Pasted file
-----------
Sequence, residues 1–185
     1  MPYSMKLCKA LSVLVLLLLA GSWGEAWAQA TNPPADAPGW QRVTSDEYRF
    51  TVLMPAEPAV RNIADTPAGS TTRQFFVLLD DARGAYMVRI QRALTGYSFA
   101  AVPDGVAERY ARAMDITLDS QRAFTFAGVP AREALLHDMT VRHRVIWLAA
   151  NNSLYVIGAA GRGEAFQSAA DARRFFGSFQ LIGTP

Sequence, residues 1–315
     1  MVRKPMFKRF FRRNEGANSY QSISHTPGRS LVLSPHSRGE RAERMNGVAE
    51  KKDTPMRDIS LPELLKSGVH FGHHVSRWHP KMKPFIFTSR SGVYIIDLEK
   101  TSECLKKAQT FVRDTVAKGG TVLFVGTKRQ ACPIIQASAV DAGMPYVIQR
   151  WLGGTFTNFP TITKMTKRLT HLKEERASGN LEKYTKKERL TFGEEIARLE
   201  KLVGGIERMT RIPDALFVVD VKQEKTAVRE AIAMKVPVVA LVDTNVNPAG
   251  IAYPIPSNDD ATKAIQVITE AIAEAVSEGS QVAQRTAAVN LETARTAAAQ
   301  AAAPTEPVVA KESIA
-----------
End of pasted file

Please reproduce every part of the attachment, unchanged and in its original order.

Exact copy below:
Sequence, residues 1–185
     1  MPYSMKLCKA LSVLVLLLLA GSWGEAWAQA TNPPADAPGW QRVTSDEYRF
    51  TVLMPAEPAV RNIADTPAGS TTRQFFVLLD DARGAYMVRI QRALTGYSFA
   101  AVPDGVAERY ARAMDITLDS QRAFTFAGVP AREALLHDMT VRHRVIWLAA
   151  NNSLYVIGAA GRGEAFQSAA DARRFFGSFQ LIGTP

Sequence, residues 1–315
     1  MVRKPMFKRF FRRNEGANSY QSISHTPGRS LVLSPHSRGE RAERMNGVAE
    51  KKDTPMRDIS LPELLKSGVH FGHHVSRWHP KMKPFIFTSR SGVYIIDLEK
   101  TSECLKKAQT FVRDTVAKGG TVLFVGTKRQ ACPIIQASAV DAGMPYVIQR
   151  WLGGTFTNFP TITKMTKRLT HLKEERASGN LEKYTKKERL TFGEEIARLE
   201  KLVGGIERMT RIPDALFVVD VKQEKTAVRE AIAMKVPVVA LVDTNVNPAG
   251  IAYPIPSNDD ATKAIQVITE AIAEAVSEGS QVAQRTAAVN LETARTAAAQ
   301  AAAPTEPVVA KESIA